United States District Court, D. Kansas
MEMORANDUM AND ORDER
CROW, U.S. SENIOR DISTRICT JUDGE
Anthony Earl Ridley brings this pro se civil rights
action under 42 U.S.C. § 1983. Although Plaintiff was
incarcerated at the Lansing Correctional Facility at the time
of filing, the acts giving rise to his Complaint occurred
while he was in custody at El Dorado Correctional Facility in
El Dorado, Kansas. The Court granted his motion to proceed
in forma pauperis. On April 3, 2018, the Court
entered a Notice and Order to Show Cause (Doc. 6)
(“NOSC”), directing Plaintiff to either show good
cause why his claims should not be dismissed for the reasons
set forth in the NOSC or to file a proper amended complaint
to cure the deficiencies. Plaintiff filed an Amended
Complaint (Doc. 8). On December 14, 2018, the Court entered a
Memorandum and Order and Order to Show Cause (Doc. 9)
(“MOSC”), granting Plaintiff until January 2,
2019, to either show good cause why his Amended Complaint
should not be dismissed or to file a proper second amended
complaint. Plaintiff failed to respond, and the Court
dismissed this case for failure to state a claim on January
4, 2019. On May 9, 2019, Plaintiff filed a “Motion for
Reconsideration of Void Judgment and Partial Summary
Judgment” (Doc. 13).
Rule 7.3 provides that “[p]arties seeking
reconsideration of dispositive orders or judgments must file
a motion pursuant to Fed.R.Civ.P. 59(e) or 60.” D. Kan.
Rule 7.3(a). Because Plaintiff's motion was filed more
than 28 days after the entry of the order, the Court will
treat it as a motion under Rule 60. See Fed. R. Civ.
P. 59(e) (“A motion to alter or amend a judgment must
be filed no later than 28 days after the entry of the
motion is treated as a motion filed under Rule 60(b) of the
Federal Rules of Civil Procedure, seeking relief from
judgment entered in this matter. See Weitz v. Lovelace
Health System Inc., 214 F.3d 1175, 1178 (10th
Cir. 2000). Rule 60(b) provides in relevant part that:
On motion and just terms, the court may relieve a party or
its legal representative from a final judgment, order, or
proceeding for the following reasons: (1) mistake,
inadvertence, surprise, or excusable neglect; (2) newly
discovered evidence that, with reasonable diligence, could
not have been discovered in time to move for a new trial
under Rule 59(b); (3) fraud (whether previously called
intrinsic or extrinsic), misrepresentation, or misconduct by
an opposing party; (4) the judgment is void; (5) the judgment
has been satisfied, released, or discharged; it is based on
an earlier judgment that has been reversed or vacated; or
applying it prospectively is no longer equitable; or (6) any
other reason that justifies relief.
Fed. R. Civ. P. 60(b).
60(b) motion provides extraordinary relief which “may
only be granted in exceptional circumstances.”
Amoco Oil Co. v. United States Environmental Protection
Agency, 231 F.3d 694, 697 (10th Cir. 2000). The decision
to grant such relief “is extraordinary and may only be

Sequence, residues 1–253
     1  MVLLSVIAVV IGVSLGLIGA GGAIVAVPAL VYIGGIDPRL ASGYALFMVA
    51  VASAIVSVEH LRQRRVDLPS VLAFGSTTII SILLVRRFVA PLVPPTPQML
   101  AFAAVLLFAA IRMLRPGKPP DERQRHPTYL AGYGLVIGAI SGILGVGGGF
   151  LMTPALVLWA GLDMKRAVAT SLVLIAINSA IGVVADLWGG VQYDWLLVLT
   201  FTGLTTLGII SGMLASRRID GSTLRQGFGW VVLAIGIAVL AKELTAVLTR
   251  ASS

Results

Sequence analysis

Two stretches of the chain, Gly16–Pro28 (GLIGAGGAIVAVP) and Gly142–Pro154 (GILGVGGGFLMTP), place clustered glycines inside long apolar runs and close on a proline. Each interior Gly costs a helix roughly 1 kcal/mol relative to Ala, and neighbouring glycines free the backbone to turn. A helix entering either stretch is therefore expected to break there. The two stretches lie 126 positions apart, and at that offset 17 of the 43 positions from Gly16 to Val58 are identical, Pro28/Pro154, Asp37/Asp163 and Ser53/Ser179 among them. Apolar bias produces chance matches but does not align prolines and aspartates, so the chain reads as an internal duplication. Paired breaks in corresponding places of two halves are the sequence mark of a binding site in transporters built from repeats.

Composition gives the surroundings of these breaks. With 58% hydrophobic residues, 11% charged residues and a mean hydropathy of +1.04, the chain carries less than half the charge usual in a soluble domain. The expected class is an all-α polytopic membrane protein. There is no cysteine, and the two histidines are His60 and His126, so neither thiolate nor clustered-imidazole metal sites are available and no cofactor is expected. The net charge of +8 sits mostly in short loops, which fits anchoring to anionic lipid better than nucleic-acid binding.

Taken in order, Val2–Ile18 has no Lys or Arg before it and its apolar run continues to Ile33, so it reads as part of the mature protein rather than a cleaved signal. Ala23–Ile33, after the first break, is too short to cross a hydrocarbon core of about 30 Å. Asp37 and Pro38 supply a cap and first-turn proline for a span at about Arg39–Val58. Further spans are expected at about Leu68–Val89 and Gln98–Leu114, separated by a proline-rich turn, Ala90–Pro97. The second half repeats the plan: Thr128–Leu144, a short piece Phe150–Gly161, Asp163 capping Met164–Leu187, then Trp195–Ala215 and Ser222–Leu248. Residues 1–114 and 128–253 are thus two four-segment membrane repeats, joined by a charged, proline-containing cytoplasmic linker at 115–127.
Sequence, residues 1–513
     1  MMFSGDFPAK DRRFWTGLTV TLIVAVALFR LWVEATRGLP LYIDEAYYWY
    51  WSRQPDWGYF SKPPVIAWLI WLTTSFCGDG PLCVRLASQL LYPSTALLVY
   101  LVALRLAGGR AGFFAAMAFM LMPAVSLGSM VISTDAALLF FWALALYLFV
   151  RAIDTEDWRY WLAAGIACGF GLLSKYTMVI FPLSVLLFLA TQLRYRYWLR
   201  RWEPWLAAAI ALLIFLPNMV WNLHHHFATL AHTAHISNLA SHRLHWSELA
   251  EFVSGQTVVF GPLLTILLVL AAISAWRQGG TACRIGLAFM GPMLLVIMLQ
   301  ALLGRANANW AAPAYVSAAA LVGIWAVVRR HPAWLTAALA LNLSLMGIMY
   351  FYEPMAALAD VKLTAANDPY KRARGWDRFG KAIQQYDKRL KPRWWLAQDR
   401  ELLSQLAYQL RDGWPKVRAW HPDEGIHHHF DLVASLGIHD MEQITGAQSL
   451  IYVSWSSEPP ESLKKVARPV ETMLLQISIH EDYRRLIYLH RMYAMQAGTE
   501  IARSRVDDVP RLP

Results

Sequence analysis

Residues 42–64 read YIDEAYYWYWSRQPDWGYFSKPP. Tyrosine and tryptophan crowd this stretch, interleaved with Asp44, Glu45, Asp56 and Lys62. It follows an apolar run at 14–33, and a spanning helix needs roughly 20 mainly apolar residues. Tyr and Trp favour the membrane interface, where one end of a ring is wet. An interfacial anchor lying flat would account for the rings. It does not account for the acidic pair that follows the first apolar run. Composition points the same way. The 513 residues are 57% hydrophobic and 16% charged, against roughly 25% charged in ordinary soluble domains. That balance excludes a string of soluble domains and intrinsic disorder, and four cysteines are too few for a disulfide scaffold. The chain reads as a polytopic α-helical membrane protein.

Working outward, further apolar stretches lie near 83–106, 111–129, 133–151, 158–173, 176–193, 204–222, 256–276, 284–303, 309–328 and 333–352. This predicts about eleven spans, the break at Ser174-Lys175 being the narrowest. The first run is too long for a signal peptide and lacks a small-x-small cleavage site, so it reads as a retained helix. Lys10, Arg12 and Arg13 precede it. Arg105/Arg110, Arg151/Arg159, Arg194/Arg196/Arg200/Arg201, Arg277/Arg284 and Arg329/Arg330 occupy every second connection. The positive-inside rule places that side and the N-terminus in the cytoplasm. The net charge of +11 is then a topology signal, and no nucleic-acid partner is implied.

granted in exceptional circumstances.” Servants of
the Paraclete v. Does, 204 F.3d 1005, 1009 (10th Cir.
2000) (quotation marks omitted).
does not assert relief under any of the subsections in Rule
60(b), but he does title his motion as a “motion for
reconsideration of void judgment.” Rule 60(b)(4)
provides that the Court may relieve a party from a final
judgment if the judgment is void. Fed.R.Civ.P. 60(b)(4).
“A judgment is void only if the court which rendered it
lacked jurisdiction of the subject matter, or of the parties,
or acted in a manner inconsistent with due process of
law.” Alford v. Cline, 2017 WL 2473311, at *2
(10th Cir. June 8, 2017) (unpublished) (quoting United
States v. Buck, 281 F.3d 1336, 1344 (10th Cir. 2002)).
“Because § 1915A requires a district court to
dismiss a prisoner's civil action for failure to state a
claim as soon as practicable, a judgment dismissing such an
action before service of process isn't void for lack of
personal jurisdiction.” Robertson v. Kansas,
624 Fed.Appx. 969, 971 (10th Cir. 2015) (unpublished).
process is satisfied if “fundamental procedural
prerequisites-particularly, adequate notice and opportunity
to be heard-were fully satisfied.” Alford,
2017 WL 2473311, at *2 (quoting Orner v. Shalala, 30
F.3d 1307, 1310 (10th Cir. 1994)). Plaintiff does not dispute
that he received adequate notice or the opportunity to
present his arguments. See United States v. Rogers,
657 Fed.Appx. 735, 738 (10th Cir. 2016) (unpublished)
(finding that Rule 60(b)(4) argument failed where the court
considered party's claims, discussed the claims, and
adequately addressed party's arguments). A judgment is
not void merely because it is or may have been erroneous.
United Student Aid Funds, Inc. v. Espinosa, 559 U.S.
260, 270 (2010); Buck, 281 F.3d at 1344 (“[A]
judgment is not void merely because it is erroneous.”).
A Rule 60(b)(4) motion “is not a substitute for a
timely appeal.” Espinosa, 559 U.S. at 270
has not shown that relief under Rule 60(b)(4) or any other
subsection of Rule 60(b) is warranted. Furthermore,
Plaintiff's request for partial summary judgment is
completely frivolous. This case was dismissed for failure to
state a claim, and defendants were never served because the
case did not survive the Court's screening under 28
U.S.C. § 1915A. Plaintiff's motion is denied and
this case remains closed.
IS THEREFORE ORDERED THAT Plaintiff's Motion for
Reconsideration of Void Judgment and Partial Summary Judgment
(Doc. 13) is denied.